DEAR DR. K: I have small white bumps on my eyelids that drive me crazy. They don’t hurt, but they look awful. A doctor told me they are meibomian cysts. He said they are harmless, but if I want to get rid of them, I’ll need surgery. What do you think?
DEAR READER: These little cysts are harmless in one respect: They are not a form of cancer. But I wouldn’t call them harmless if they bother you every time you catch a glimpse of yourself in the mirror.
First, let’s be sure that you actually have meibomian cysts. Since I can’t look at your eyelids, I’m not sure if your bumps are large or small. Nor do I know exactly where they appear on your eyelids. Just as in real estate, location counts.
Meibomian cysts are small, fluid-filled sacs that can develop along the edge of an eyelid. They take their name from the meibomian glands, which produce a mixture of oil and mucus to keep your skin and hair, including eyelashes, from drying out. The fluid is released through tiny openings called ducts peppered along the edge of the eyelid, just behind the eyelashes.
When a duct gets blocked, fluid backs up into the gland. This prompts inflammation and produces a cyst that grows toward the inner surface of the eyelid. The cyst is small and white, as you describe.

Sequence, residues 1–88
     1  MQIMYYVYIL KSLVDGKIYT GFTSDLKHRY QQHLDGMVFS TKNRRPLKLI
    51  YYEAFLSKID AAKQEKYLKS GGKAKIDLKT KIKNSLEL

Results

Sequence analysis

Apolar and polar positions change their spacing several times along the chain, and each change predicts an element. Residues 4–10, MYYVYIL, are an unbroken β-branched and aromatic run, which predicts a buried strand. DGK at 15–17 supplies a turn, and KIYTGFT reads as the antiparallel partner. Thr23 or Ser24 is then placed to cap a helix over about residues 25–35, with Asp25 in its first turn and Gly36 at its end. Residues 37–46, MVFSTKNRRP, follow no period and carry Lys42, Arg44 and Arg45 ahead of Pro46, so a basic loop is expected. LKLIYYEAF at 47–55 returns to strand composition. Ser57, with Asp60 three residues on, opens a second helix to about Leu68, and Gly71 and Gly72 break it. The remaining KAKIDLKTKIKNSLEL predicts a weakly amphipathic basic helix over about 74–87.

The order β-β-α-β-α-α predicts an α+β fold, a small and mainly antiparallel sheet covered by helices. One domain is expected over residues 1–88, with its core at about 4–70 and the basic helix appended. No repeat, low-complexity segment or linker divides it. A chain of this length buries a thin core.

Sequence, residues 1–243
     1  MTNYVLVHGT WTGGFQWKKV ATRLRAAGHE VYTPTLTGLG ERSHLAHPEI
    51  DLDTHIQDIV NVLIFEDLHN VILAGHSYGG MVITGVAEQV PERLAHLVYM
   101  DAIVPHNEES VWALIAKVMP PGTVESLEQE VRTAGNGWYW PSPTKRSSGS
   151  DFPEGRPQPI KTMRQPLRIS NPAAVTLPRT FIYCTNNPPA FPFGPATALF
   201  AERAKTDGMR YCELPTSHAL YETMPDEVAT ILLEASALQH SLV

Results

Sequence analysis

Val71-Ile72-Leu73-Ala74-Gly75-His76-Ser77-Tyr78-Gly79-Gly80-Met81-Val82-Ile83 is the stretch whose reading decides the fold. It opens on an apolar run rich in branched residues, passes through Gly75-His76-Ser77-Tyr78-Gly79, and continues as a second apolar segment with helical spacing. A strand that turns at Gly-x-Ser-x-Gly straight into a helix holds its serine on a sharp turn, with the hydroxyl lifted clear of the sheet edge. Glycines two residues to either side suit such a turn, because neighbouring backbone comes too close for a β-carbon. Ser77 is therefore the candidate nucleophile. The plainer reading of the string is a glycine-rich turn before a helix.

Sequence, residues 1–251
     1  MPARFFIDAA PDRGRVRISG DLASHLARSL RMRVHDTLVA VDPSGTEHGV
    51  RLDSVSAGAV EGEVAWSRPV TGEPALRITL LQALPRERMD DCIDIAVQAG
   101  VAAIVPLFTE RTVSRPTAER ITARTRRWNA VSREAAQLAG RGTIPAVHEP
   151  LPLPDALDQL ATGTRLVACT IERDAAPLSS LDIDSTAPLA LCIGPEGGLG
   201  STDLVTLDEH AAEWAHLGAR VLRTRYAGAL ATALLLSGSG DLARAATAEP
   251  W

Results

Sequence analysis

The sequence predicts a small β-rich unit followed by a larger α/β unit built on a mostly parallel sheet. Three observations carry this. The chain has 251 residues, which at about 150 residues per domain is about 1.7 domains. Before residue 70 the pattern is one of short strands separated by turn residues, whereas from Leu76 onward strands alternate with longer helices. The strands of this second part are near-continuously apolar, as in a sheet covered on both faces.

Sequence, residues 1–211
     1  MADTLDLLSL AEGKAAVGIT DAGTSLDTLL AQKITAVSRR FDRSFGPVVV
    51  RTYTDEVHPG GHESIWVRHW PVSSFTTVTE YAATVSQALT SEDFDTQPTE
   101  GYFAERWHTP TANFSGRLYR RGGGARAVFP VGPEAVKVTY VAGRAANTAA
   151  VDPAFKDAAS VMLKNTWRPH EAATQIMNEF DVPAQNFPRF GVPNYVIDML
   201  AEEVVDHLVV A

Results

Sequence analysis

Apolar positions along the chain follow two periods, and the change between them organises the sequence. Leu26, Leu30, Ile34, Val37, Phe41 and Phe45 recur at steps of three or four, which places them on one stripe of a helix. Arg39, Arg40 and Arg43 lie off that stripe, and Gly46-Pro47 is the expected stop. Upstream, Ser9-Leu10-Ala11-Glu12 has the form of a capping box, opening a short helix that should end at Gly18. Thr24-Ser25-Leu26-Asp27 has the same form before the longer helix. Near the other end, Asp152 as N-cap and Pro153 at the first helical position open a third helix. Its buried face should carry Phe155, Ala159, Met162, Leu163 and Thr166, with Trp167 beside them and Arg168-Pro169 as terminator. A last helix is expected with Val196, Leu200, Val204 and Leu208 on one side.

Often, meibomian cysts disappear without any treatment at all. Failing this, I recommend putting a warm compress on the area. Apply it for 10 to 20 minutes, three to four times a day. This gentle treatment encourages the cyst to drain and heal. If a cyst becomes infected, I generally prescribe an antibacterial ointment. Sometimes a cyst won’t respond to compresses or becomes very large. At this point, surgery may be needed. Ask your doctor to refer you to an eye specialist who specializes in eyelid surgery and can drain or remove the cyst.
There are other types of little bumps on the eyelids that require different treatments.
Another possibility is that you have milia. Milia are tiny, white dome-shaped bumps. They form on the skin of the eyelid or around the eye. Milia are much smaller than meibomian cysts — about the size of pinheads. They may not look good, but they don’t hurt and don’t interfere with vision.
Finally, although it is rare, some types of skin cancer can start on the eyelids. Here are my “red flag” signs for eyelid bumps. If you answer “yes” to any of these questions, get checked out by a dermatologist or ophthalmologist experienced in handling eyelid conditions:
Are the bumps red and painful? Are they growing larger? Do they have a brown or black color?
If your eyelid bumps bother you, or if they show any of my red-flag warning signs, get them checked out. While your bothersome bumps may not disappear in a blink, the right doctor should be able to help.